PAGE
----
Roster Transactions

The Raiders needed to get the roster trimmed down to 75 players by 1:00 this afternoon, and they have. Here’s the list of players waived or moved to the PUP list:


No real surprises here, unfortunately. I would have liked to see Juron Criner squeak by, if only because he has a knack for making the difficult catches. But he also has a knack for missing the routine ones, running poor routes, and seems to have lost some of his speed.

DJ Hayden has to be a much bigger concern, and factor much more into this management team’s ability to identify and develop talent. Hayden’s history so far has been one of being injury-prone, punctuated by episodes of ineffectiveness when he actually makes it on the field (his game-saving INT at Houston being the lone exception).

Every draft, and every player in it, is a roll of the dice, no doubt. Nobody bats 1.000, we all know it. But after a decade of losing, with (at the time) another year of “deconstruction” and cap purges to come, it was vital that their top picks be solid, reliable, predictable. Safe.

It was clear that the Raiders’ #3 pick would be used defensively, and while the secondary was the most glaring need on defense, really there were holes everywhere to be filled. They could have held the pick and grabbed Barkevious Mingo or Dion Jordan. They could have traded down a few spots and still gotten Sheldon Richardson or Dee Milliner. Jarvis Jones. Hell, they could have traded way down in the first round, grabbed an offensive weapon like Cordarelle Patterson, and gotten even more 2nd and 3rd round picks to use on defense.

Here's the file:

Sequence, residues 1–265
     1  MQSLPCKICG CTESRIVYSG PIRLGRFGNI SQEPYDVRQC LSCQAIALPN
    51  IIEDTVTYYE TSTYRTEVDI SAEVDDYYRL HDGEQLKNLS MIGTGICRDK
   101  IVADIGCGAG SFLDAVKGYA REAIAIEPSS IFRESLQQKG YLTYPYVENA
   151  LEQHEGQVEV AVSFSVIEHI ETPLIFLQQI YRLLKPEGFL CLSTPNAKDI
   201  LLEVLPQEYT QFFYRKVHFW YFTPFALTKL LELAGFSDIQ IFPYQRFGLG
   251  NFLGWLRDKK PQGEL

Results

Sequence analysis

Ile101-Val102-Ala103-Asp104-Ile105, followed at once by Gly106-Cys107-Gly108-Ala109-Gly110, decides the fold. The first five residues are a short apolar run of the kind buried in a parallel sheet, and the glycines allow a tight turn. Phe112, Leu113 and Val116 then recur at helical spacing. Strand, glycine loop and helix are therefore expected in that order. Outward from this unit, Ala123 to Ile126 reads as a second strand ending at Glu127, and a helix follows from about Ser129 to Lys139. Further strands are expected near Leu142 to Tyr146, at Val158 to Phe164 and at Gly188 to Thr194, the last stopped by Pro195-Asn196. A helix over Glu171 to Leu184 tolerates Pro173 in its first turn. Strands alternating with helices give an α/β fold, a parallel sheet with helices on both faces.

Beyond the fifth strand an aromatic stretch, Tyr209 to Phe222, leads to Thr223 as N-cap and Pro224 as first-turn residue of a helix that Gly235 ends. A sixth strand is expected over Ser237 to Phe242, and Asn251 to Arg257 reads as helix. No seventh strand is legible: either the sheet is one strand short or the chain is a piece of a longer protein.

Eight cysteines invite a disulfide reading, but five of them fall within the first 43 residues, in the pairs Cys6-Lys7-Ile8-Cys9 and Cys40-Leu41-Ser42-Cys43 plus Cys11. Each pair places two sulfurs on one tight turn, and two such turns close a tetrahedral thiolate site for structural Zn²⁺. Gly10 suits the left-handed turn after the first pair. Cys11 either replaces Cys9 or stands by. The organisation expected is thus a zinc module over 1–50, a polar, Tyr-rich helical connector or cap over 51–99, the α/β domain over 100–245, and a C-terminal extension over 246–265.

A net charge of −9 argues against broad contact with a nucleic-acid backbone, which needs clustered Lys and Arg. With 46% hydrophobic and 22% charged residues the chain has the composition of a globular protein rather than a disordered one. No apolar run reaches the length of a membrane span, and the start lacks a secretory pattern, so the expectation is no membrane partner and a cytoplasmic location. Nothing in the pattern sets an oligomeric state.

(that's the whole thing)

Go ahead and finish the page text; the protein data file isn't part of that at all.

Instead, they took a huge gamble, when they weren’t in a position to do so. Good teams can afford to whiff on a first-round pick; if the Patriots or Packers get a bust, oh well. They might finish with one or two fewer wins than they would have otherwise.

But teams that are rebuilding need their main picks to become key contributors, and right away. They can’t afford to take risks with a #3 pick, or really the first three or four rounds.

Here’s what last year’s draft looked like:

Of the first four rounds, Hayden has been injured more often than not, Watson has been injured and may or may not be the starting RT this season, and Tyler Wilson was released twice by the team, the second time going to the Titans, who have since released him as well. (He is now with the Bengals.) Only 3rd-rounder Sio Moore has lived up to his potential so far. All four 6th-rounders, and 7th-rounder Brice Butler, show some potential here and there, but none of them are game-changers, and Nick Kasa is out for the season with an ACL injury. Injuries aren’t anyone’s fault, but again, in a draft of 10 players, you need more than one of them to contribute significantly, when your team is on a decade-plus losing streak.

There are some improvements — even the mediocre-armed Schaub is still an upgrade over any QB they’ve had since Palmer, and both lines look improved somewhat. If MJD can stay healthy and Latavius Murray finds a role, they might have enough of a running game to take some of the heat off the passing game. If the receivers can cure their drops and run their routes, if the QB (regardless of whom) doesn’t hang them out). If, if, if.

The final roster has to be down to 53 by August 30, and based on how the team fares against Seattle this Thursday, it would not be surprising to see at least one more high-profile name miss the cut. Let’s hope they can start pulling this together.

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